The man was more than a craftsman. He was an organizer. We passed rows of planter pots arranged by type, shape, size and color. We passed work benches and tools, all clean and ordered. Ahead of us was an archway beyond which brighter lighting could be seen. Stepping through we entered a room much larger than I believed the workshop had been from the outside. The room was clean and bright and filled with rows upon rows of shelves. On the shelves, much to my surprise, were toys. All sorts of toys, all in good shape and neatly arranged. The old man was indeed a collector, the type of person who likes to snap up, restore and keep odd items. I had great hopes for the old man’s library, despite his warning of a small stock.

His selection of collectibles was quite amazing: tricycles, wagons, gyroscope, baseball gloves and collector’s cards. Everything restored, packaged like new and organized. A flash of red caught my eye. There to my right were eight red pedal cars, each large enough for a young child to get into. No dents in their metal, no rust on their paint. “Wow,” I said. “I use to have a pedal car just like those, except mine was blue. If you had a blue one, I just might have to talk you out of it.” He smiled knowingly. Then to my left I noticed a line of Roadmaster bikes. “I had one of those too. If I had a way to get it home, I would have to buy one from you for my daughter.” “Perhaps we can work something out,” he said with a grin.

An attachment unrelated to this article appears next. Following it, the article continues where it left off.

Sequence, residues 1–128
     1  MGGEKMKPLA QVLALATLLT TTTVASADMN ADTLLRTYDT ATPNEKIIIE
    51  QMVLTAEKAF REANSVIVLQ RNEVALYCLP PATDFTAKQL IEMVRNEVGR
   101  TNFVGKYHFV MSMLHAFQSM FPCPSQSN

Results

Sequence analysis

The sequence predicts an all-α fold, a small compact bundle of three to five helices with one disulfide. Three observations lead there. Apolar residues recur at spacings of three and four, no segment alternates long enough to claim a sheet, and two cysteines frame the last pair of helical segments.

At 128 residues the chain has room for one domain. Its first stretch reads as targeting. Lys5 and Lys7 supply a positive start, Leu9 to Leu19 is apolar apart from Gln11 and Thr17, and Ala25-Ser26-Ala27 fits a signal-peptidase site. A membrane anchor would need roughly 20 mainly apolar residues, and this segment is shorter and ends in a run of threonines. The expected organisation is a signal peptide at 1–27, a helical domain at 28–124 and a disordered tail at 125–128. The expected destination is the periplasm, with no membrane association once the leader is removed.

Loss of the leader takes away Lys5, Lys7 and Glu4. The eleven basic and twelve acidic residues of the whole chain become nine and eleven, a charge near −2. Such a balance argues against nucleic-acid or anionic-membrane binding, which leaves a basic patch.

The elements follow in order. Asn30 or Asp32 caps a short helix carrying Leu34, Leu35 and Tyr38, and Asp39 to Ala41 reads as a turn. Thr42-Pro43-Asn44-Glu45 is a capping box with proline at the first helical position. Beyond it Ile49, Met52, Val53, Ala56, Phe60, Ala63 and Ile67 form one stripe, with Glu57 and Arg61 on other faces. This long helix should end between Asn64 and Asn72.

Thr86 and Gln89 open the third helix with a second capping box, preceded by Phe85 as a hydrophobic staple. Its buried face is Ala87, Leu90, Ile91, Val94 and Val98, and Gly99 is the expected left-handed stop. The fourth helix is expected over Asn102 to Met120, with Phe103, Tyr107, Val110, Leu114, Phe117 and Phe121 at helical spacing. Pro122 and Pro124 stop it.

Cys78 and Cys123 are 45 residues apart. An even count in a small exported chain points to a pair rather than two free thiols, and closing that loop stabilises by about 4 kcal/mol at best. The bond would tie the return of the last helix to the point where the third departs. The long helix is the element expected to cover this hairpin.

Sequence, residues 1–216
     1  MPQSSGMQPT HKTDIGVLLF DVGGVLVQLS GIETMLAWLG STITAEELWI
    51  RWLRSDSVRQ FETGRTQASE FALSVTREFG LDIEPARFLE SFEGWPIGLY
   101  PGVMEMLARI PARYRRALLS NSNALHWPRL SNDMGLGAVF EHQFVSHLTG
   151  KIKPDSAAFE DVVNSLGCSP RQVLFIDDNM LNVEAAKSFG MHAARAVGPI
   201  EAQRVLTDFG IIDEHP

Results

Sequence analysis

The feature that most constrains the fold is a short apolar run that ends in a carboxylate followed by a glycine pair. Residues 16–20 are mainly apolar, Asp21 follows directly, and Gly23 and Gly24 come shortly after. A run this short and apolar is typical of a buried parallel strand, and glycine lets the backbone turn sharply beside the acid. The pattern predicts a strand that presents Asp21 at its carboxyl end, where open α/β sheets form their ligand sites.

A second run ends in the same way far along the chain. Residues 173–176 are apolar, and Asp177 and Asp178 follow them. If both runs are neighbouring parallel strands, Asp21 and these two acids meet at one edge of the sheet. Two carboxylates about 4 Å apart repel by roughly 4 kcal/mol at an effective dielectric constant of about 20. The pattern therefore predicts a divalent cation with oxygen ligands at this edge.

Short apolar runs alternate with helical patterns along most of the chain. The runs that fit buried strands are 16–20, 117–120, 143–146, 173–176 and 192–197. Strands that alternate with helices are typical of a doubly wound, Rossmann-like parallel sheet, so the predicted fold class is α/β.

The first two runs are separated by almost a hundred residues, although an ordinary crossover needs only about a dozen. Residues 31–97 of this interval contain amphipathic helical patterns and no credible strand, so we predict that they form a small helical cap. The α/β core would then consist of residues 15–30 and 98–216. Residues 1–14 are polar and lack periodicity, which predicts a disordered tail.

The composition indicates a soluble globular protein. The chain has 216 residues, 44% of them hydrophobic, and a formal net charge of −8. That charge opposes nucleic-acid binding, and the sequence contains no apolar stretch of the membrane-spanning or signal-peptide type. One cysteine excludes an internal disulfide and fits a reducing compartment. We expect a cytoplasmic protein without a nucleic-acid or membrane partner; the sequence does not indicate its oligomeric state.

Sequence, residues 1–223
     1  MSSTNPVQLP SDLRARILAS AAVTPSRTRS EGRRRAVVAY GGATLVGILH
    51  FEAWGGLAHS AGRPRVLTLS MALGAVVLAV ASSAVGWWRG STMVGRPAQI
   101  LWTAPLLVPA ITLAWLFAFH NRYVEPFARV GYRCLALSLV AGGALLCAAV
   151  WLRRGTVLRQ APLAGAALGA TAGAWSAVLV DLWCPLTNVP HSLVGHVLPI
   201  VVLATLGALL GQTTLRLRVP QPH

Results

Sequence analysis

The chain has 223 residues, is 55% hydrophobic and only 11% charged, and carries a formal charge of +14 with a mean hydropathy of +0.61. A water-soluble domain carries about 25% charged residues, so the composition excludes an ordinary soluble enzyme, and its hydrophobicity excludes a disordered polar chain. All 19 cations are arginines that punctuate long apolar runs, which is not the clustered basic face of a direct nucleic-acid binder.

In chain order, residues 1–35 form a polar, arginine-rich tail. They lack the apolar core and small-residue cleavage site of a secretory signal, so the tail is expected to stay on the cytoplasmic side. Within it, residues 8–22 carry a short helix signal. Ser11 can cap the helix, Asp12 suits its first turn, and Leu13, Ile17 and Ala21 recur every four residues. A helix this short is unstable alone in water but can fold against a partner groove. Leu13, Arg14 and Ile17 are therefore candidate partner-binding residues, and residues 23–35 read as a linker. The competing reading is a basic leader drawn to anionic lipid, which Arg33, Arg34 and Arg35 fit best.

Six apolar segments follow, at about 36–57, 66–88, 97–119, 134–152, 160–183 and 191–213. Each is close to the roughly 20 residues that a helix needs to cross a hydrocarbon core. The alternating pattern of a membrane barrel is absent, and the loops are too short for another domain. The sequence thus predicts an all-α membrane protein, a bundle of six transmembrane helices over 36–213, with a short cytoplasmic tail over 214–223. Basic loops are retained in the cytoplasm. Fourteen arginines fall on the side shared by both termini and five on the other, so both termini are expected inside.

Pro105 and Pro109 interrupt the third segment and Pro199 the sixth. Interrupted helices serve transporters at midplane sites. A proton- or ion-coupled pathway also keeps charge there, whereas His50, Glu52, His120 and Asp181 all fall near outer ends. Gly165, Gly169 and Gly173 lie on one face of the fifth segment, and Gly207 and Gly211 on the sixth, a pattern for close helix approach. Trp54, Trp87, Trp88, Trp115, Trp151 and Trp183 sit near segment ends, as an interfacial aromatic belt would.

We continued to weave our way through his shop. It struck me that most of the toys he had collected were items from my childhood. I say “my childhood,” but doubtless these things figure well into the pasts of most of us. It seemed everything I had ever encountered as a child was here, rebuilt and preserved. Wheel-o’s, toy rockets and astronauts. Etch-a-sketches, Spiro-graphs and cowboy hats. A row of hobby horses, one of which was just like the one I had, white with brown and black spots in running stance suspended by springs on a metal frame. And there were items I remember seeing my sister play fondly with, Barbie, her friends and her many supplements. Shrinking Violet and other talking dolls, plastic tea sets, and candy-filled nurse and doctor bags.